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The Mule


ISSUE:  Fall 2009

 

There are no whole truths; all truths are half-truths. It is trying to treat them as whole truths that plays the devil.

—Alfred North Whitehead

Trafficker: Here’s the smack, fucking asshole.
User: Here’s the money, asshole.

—Zulema, former trafficker

1: All Right

Maria had been dead once, by her reckoning for a good five minutes. She hadn’t fallen unconscious or drifted off to sleep, and she hadn’t taken a break to rest her eyes. As Maria tells the story, she was coded and cold—motionless, overdosed, and deceased—on a gurney in the intensive care unit at an East Lansing hospital. This was back in the late nineties. Her ex-boyfriend had just died from a heroin overdose, and after receiving the news, she’d put the phone down and picked the bottle up in the same motion, the physics of simultaneously catching one thing while dropping another be damned. She remembers her death that day, the result of a telescopically short and sweet bender of beer, Irish whiskey, and barbiturates. She’d pounded and then paraded the empty bottles of booze and Seconol in front of her roommate, who called 911 and then instructed her not to sit or lie down. But Maria laid herself down on the couch anyway, fell asleep, and that’s when she died.

Sure, she knew enough not to lie down, she would tell me later. Maria claimed to have a sixth sense for extra-medicinal dosing, a clairvoyance that enabled her to size up a user and then prepare any drug in an amount appropriate to court danger. Perhaps based on rough increments of twenty or thirty pounds, she could gauge roughly how fucked up you’d get if you weighed x pounds and snorted y lines of coke, each containing z milligrams of powdered cocaine hydrochloride. Once, when a friend balked at the outrageous amount of coke she had divvied out to a fellow traveler—probably enough, she later said, to make just about anyone overdose—she brushed it aside: “I think Johnson is going to be all right with this.” And he was, provided that all right meant not dead, but close to it. Years later, by her own admission—to me and to her probation officer—Maria confessed that she was “much more of a stimulant girl,” and as such really didn’t warrant court-sanctioned drug testing for heroin or methadone, an unfamiliarity which could possibly account for the absurdly small size of the overdose of depressants that led to her death. (The court included testing for the entire slate of DEA-scheduled drugs as part of her probation anyway.)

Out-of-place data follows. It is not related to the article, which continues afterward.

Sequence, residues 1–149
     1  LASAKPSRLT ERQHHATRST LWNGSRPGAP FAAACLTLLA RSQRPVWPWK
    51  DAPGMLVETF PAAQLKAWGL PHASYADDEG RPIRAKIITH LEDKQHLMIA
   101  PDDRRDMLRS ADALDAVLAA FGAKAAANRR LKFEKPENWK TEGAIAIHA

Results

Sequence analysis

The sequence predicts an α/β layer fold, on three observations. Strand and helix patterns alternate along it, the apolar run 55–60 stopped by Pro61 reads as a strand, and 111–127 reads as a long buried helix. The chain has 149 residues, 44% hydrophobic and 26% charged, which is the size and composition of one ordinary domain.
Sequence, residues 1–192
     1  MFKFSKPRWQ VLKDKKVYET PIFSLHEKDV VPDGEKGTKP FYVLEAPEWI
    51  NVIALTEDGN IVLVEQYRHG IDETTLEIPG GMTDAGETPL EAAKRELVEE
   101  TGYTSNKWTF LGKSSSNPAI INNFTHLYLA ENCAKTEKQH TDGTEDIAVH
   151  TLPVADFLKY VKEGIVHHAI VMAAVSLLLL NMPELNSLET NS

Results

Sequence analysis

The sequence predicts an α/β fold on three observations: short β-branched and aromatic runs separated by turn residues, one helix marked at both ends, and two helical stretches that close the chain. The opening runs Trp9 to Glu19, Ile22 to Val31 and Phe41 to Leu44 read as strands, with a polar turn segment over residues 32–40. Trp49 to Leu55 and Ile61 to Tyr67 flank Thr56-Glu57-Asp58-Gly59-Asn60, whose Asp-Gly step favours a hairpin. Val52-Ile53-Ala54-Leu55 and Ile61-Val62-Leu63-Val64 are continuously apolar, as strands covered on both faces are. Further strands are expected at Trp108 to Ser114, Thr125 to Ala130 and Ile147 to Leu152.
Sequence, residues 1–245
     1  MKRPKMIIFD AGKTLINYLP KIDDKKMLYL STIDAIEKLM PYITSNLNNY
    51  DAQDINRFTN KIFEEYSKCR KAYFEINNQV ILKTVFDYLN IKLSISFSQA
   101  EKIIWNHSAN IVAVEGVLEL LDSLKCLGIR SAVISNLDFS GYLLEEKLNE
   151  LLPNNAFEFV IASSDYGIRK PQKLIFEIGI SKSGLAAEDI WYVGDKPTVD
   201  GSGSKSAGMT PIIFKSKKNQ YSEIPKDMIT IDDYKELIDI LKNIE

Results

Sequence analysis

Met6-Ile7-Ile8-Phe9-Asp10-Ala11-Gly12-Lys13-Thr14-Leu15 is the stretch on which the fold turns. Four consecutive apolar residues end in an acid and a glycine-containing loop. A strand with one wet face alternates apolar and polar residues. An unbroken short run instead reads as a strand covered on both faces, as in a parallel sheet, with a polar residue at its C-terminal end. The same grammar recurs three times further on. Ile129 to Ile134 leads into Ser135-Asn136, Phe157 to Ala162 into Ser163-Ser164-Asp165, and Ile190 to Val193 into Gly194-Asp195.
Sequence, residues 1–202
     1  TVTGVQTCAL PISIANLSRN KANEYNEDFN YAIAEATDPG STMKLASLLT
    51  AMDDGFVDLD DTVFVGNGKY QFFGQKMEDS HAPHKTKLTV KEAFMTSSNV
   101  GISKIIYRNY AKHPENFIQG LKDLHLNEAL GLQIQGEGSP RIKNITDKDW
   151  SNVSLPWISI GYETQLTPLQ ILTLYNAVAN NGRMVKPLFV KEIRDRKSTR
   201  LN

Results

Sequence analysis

Drugs were her lifestyle and livelihood back then, and a good businesswoman (which Maria insisted that she was, rarely feeding her own demand by cannibalizing her supply) had to know how to revive an overdose victim, if only to hedge against losing a customer. Moreover, she was no stranger to curing herself. In those days, when she wasn’t on the road between Mexico and the market, she was intravenously injecting (snorting didn’t do it for her anymore) herself with so much cocaine that she periodically had to home-remedy her own overdoses. When she’d gone too far, pushing her cardiovascular system over the line, she’d rectify the situation with immersions in bathtubs full of ice water. That afternoon, though, with her vitals skewing in the other direction, Maria just couldn’t keep herself off the couch and awake. This was a suicide attempt, after all, and like everything else she did with narcotics—ingesting and selling, smuggling and trafficking—it had to be performed as superlatively as possible. It had to be done right, for maximum dramatic effect.